Foxit Reader update blocks new PDF attack tactic

Adobe Reader rival adds 'safe mode' to stymie embedded-malware attacks

By , Computerworld |  Security, Foxit Software, PDF

Foxit Software, the developer of a rival PDF viewer to Adobe's vulnerability-plagued Reader, released an update today that blocks some attacks with a "safe mode" that's switched on by default.

Foxit Reader 3.3 for Windows includes what Foxit dubbed "Trust Manager," which blocks all external commands that may be tucked into a PDF document. The new version is designed to stymie some common attack vectors that hackers use when they probe PCs for bugs in the PDF format, or in a viewer application.

"The Foxit Reader 3.3 enables users to allow or deny unauthorized actions and data transmission, including URL connection, attachment PDF actions, and JavaScript functions," the update's accompanying text explains.

Last week, several security companies warned of a major malware campaign that tried to dupe users into opening rigged PDFs that exploited an unpatched design flaw in the PDF format, one attackers could use to infect users of Adobe's and Foxit's software.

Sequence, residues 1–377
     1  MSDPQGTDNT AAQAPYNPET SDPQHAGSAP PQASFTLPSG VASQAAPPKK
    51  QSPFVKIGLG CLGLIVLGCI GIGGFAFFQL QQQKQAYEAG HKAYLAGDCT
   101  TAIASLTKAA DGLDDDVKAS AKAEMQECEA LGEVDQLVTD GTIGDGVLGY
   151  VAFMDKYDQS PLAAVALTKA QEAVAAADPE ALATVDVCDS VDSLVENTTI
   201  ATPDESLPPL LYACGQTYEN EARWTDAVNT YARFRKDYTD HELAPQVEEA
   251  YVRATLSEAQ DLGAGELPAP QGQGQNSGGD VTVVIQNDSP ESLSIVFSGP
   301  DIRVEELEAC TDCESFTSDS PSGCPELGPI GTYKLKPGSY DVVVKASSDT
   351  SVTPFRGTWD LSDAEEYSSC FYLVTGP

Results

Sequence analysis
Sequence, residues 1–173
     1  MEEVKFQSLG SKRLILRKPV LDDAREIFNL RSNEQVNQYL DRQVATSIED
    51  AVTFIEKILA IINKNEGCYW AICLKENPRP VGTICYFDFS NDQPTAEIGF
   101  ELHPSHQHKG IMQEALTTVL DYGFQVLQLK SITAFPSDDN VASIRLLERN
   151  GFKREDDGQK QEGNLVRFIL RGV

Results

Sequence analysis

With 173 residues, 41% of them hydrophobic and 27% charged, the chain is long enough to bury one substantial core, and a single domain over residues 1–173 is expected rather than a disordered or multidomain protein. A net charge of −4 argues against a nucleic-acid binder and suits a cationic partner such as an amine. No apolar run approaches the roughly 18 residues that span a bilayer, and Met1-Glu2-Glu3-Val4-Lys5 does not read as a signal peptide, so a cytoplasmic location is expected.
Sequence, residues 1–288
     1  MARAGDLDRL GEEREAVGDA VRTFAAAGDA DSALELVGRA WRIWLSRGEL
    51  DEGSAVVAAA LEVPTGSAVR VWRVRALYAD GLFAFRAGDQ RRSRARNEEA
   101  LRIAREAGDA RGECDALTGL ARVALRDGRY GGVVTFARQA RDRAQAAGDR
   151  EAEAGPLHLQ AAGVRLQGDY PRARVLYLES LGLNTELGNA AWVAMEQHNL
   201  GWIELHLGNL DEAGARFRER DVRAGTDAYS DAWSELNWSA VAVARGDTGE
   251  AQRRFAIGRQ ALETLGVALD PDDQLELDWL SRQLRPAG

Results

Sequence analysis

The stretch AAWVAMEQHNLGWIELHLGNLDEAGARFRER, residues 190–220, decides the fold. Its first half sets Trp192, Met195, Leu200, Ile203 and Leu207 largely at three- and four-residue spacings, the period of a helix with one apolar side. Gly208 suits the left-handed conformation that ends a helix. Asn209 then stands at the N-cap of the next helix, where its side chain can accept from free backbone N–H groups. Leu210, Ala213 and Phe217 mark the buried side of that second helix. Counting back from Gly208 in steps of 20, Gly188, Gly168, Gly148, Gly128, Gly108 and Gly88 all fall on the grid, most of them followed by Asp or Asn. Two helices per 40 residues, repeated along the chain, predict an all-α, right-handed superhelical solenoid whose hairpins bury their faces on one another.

That flaw in the PDF specification's "/Launch" function was disclosed in late March by Belgium security researcher Didier Stevens, who demonstrated how he could abuse the feature to run malware embedded in a PDF document. He also reported he had figured out how to change Adobe Reader's warning to enhance the scam.

The attacks last week that exploited the /Launch flaw peaked on Friday, April 28, and have since dropped to nearly nothing , researchers at IBM Internet Security Systems' X-Force team said yesterday.

Foxit is alone in addressing the /Launch problem: Adobe has declined to answer questions on whether in-the-wild use of the function would prompt the company to update Reader and Acrobat. However, Brad Arkin, Adobe's head of security and privacy, has acknowledged that one possible solution would be to disable /Launch; currently, it's turned on by default.

PDF-based attacks are a major problem. According to recent tallies by antivirus vendor McAfee, PDF exploits were up more than eight-fold in 2009 compared to the year before, a trend that has continued thus far into 2010. Microsoft and Symantec have also noted a surge in exploits tucked into PDF documents.


Originally published on Computerworld |  Click here to read the original story.
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